Infoscience

Journal article

Stabilization of Battery Electrode/Electrolyte Interfaces Employing Nanocrystals with Passivating Epitaxial Shells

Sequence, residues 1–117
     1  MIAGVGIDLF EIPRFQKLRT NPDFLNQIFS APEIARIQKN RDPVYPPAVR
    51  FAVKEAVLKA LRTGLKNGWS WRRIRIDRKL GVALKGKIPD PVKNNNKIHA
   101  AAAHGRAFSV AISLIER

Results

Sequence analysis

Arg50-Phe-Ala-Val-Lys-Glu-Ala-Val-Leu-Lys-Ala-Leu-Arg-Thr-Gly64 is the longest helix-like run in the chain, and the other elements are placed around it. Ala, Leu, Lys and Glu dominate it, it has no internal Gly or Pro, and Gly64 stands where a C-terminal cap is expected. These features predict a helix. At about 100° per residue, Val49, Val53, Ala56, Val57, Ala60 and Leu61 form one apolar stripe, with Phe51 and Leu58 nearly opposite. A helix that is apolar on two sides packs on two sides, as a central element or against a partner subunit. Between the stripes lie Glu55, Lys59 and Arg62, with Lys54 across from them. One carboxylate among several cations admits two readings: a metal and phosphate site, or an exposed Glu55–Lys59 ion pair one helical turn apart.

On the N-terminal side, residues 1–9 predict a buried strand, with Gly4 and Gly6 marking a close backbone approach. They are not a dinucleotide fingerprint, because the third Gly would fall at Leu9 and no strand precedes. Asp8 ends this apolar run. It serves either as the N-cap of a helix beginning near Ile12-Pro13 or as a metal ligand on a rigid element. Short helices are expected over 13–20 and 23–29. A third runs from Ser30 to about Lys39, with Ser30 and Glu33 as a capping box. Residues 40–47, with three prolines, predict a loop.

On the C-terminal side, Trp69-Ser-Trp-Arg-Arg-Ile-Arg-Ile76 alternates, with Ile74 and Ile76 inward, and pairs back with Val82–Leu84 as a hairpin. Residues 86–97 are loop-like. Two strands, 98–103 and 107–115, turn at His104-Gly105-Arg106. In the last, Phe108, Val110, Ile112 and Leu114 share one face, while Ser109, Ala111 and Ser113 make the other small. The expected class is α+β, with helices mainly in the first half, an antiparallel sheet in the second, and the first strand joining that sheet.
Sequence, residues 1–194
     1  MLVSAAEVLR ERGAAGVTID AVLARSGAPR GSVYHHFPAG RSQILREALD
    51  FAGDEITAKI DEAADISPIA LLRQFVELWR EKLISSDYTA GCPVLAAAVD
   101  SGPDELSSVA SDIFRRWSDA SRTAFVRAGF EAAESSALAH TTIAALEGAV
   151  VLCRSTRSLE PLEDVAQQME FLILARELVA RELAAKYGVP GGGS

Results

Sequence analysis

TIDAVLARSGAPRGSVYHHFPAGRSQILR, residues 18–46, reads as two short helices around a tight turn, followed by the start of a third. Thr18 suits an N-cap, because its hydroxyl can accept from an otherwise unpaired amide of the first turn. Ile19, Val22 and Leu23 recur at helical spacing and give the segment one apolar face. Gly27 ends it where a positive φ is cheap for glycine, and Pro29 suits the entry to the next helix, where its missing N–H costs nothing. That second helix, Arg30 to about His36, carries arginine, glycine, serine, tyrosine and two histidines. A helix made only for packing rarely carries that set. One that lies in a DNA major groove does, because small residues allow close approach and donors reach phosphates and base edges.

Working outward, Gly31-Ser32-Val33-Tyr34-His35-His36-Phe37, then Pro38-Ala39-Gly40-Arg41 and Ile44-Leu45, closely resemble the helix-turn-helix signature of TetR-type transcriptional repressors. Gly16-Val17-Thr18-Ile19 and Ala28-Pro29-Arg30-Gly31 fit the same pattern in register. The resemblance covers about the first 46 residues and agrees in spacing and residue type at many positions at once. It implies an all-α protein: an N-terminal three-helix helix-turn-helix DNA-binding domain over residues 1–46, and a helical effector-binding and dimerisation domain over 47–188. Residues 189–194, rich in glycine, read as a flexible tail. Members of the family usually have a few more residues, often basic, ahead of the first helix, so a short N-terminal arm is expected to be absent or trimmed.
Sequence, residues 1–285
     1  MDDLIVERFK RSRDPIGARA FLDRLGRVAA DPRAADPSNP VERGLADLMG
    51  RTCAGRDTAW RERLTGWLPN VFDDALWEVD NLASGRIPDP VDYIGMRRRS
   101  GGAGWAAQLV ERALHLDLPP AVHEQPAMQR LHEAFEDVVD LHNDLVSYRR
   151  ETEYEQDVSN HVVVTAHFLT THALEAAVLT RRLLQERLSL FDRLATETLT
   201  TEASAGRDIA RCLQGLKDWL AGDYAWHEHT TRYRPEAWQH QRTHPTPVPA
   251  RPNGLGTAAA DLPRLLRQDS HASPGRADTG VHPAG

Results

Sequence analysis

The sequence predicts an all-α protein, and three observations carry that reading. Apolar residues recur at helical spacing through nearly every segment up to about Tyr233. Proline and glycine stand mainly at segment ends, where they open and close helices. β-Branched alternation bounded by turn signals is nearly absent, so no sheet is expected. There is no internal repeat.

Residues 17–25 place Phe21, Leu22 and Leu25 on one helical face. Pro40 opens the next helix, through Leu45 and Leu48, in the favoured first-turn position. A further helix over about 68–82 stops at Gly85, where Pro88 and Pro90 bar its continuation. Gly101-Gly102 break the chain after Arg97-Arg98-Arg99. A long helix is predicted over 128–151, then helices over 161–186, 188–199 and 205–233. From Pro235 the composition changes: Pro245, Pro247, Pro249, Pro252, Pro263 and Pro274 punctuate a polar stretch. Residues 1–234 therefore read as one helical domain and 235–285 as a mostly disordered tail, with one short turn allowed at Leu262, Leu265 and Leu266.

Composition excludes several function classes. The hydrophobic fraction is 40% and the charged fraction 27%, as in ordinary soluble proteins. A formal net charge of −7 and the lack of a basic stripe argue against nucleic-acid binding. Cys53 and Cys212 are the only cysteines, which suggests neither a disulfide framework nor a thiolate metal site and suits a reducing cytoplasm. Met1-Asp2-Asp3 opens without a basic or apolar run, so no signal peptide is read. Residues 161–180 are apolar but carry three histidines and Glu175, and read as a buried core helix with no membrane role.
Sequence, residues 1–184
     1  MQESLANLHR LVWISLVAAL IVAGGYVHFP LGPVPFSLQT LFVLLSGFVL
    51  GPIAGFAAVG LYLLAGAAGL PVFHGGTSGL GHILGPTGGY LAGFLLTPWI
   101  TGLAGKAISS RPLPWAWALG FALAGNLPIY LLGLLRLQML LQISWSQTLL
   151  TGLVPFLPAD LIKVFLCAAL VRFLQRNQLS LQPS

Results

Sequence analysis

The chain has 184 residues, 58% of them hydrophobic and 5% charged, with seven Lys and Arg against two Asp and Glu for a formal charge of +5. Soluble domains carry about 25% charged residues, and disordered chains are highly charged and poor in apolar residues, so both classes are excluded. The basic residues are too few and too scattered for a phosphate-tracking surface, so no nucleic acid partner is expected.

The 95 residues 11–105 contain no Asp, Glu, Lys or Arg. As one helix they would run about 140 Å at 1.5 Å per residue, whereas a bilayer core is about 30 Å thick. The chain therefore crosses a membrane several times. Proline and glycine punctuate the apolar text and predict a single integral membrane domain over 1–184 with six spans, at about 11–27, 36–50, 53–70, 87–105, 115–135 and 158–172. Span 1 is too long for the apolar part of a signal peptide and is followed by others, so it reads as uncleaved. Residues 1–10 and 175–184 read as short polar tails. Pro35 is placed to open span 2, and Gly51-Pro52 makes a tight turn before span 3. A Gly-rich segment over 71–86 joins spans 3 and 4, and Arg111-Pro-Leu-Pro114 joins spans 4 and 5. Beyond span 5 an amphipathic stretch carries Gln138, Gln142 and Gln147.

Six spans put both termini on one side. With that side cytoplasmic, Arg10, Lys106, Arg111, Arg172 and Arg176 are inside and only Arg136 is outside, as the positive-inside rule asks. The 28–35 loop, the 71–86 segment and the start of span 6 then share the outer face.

Chem. degrdn. at electrode/electrolyte interfaces in high-energy storage devices, such as Li-ion batteries, imposes durability challenges that affect their life and cost. In oxide electrodes, degrdn. is linked to the presence of redox active transition metals at the surface. Here, we demonstrate a strategy toward the stabilization of interfaces using core-epitaxial shell nanocrystals. The core of the nanocrystal is composed of an electroactive oxide, which is passivated by an ultrathin epitaxial oxide shell enriched in a redox inactive ion. This approach imparts interfacial stability while preserving the high storage capability and fast carrier transport of the material, compared to unmodified versions. The validity of the concept is proved with Li1+xMn2-xO4 nanocrystals with a 1-2 nm Al-rich shell, which showed reduced sensitivity to harsh environments, compared to bare counterparts. The approach is generalizable to any transition-metal-based battery system where electrode-electrolyte interactions must be controlled.

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